Sunday, January 20, 2013

Tasting History - New Albion Ale

Jack McAuliffe started New Albion Brewing Co. in 1976 and while the brewery only survived a few years, brewing its final batch in 1982, McAuliffe and New Albion made brewing history as one of breweries that started craft brewing in the U.S.  New Albion has been described as, “the most important failed brewery in the industry’s history” (Ogle, Maureen).  It was important for serving as an example to other brewers who were getting started in that time period, brewing beers that were not like the large marco-breweries, using hops differently and in larger volumes, and a number of other reasons.  Flash forward to 2012 and Jim Koch of Boston Beer Co. announces that New Albion Ale (6% ABV and 30 IBU) would be brewed under the Samuel Adams brand and available in January 2012.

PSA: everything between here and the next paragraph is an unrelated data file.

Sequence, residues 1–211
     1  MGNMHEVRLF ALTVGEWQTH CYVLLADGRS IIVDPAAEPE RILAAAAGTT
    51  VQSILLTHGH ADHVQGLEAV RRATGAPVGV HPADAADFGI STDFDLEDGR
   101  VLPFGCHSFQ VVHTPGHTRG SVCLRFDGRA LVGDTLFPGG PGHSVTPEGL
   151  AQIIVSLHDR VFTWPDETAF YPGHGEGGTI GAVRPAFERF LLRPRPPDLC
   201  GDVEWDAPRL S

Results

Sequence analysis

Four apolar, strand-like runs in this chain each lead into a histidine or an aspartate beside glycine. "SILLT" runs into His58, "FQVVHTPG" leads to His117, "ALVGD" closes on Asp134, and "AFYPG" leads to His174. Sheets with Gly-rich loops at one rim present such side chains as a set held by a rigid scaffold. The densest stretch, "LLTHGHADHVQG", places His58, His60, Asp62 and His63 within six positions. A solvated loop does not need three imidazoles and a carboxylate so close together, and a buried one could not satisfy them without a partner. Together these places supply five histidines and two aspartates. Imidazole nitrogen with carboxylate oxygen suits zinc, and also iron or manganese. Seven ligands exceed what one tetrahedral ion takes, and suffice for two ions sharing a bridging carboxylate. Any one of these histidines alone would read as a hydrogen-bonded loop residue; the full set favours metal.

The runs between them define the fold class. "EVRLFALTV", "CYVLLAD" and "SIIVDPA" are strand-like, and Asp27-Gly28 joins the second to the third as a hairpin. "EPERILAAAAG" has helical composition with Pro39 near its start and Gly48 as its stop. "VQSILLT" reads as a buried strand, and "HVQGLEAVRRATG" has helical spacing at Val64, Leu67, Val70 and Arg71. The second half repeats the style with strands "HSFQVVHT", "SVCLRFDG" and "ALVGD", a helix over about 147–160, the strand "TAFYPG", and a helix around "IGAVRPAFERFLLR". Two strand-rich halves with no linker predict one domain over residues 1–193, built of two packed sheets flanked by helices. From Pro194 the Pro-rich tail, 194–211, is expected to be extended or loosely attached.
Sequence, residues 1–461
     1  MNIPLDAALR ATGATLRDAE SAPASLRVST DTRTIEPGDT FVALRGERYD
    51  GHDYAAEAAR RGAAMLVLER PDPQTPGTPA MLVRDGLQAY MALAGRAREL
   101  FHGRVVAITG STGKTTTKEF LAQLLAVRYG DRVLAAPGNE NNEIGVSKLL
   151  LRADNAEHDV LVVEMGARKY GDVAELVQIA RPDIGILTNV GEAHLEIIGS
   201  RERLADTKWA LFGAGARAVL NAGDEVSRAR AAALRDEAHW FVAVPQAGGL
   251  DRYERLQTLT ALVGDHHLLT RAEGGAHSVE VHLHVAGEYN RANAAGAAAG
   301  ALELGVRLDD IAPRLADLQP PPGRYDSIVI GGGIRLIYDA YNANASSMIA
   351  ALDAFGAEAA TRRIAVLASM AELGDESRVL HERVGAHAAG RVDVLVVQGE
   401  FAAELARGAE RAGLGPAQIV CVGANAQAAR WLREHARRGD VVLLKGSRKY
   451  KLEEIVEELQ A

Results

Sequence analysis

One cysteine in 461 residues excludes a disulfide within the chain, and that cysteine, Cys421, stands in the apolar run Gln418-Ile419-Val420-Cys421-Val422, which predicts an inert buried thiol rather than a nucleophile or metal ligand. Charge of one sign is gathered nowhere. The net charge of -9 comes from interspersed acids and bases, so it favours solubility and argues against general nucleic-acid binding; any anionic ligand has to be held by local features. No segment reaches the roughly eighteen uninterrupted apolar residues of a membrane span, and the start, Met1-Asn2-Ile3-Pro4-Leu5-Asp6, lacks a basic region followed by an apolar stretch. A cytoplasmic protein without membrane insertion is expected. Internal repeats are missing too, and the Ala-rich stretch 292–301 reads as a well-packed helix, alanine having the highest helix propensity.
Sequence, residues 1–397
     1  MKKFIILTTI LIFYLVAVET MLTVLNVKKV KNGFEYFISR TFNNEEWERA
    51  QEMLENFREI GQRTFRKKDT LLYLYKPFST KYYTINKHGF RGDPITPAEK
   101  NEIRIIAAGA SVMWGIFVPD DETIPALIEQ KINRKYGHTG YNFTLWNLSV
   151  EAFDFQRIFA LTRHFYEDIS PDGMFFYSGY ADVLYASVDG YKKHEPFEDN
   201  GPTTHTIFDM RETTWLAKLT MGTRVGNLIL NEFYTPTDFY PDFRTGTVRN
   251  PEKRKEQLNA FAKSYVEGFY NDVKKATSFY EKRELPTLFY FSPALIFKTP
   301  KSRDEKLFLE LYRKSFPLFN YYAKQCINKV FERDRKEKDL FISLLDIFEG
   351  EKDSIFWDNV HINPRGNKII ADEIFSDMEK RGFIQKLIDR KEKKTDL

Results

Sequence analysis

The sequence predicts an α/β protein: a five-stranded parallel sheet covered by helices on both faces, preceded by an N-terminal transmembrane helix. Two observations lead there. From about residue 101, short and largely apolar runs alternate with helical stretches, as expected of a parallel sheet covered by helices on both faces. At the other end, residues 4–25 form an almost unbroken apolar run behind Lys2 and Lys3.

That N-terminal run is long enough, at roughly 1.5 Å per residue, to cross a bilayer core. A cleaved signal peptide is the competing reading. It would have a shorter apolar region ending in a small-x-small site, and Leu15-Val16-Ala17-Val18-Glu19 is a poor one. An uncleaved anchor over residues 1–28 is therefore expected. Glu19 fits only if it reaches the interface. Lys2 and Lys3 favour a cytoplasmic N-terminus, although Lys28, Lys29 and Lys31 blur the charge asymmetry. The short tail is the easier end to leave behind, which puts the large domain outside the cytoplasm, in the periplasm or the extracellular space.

American Pale Ale - BeerAdvocate

Appearance – Straw gold with a one-finger head that quickly dissipates.  The beer is very clear with good carbonation – a steady stream of bubbles from the bottom of the glass.
Aroma – Grain, floral, citrus and pine / resin.  I picked up the grain the most.
Taste – A solid APA that starts with a sweetness, bread from the malt then a bit of citrus, grass from the hops and then a clean finish with little aftertastes
OverallB – New Albion Ale is very easy to drink and I really appreciate Boston Beer Co. brewing a bit of history.  We have a plethora of choices in beer today and we are in the middle of a craft beer renaissance.  I am happy to have the opportunity to try a bit of history.  It will be here for only a limited time – pick some up and taste a bit of history.

Website description – “Brewed solely with American Cascade hops (why? Because that was all that was available to Jack at the time), New Albion Ale is a golden American Pale Ale that holds a distinct citrus hop note and subtle piney character. A delicious brew, it’s no wonder New Albion Ale inspired so many of the Pale Ales we drink today.”

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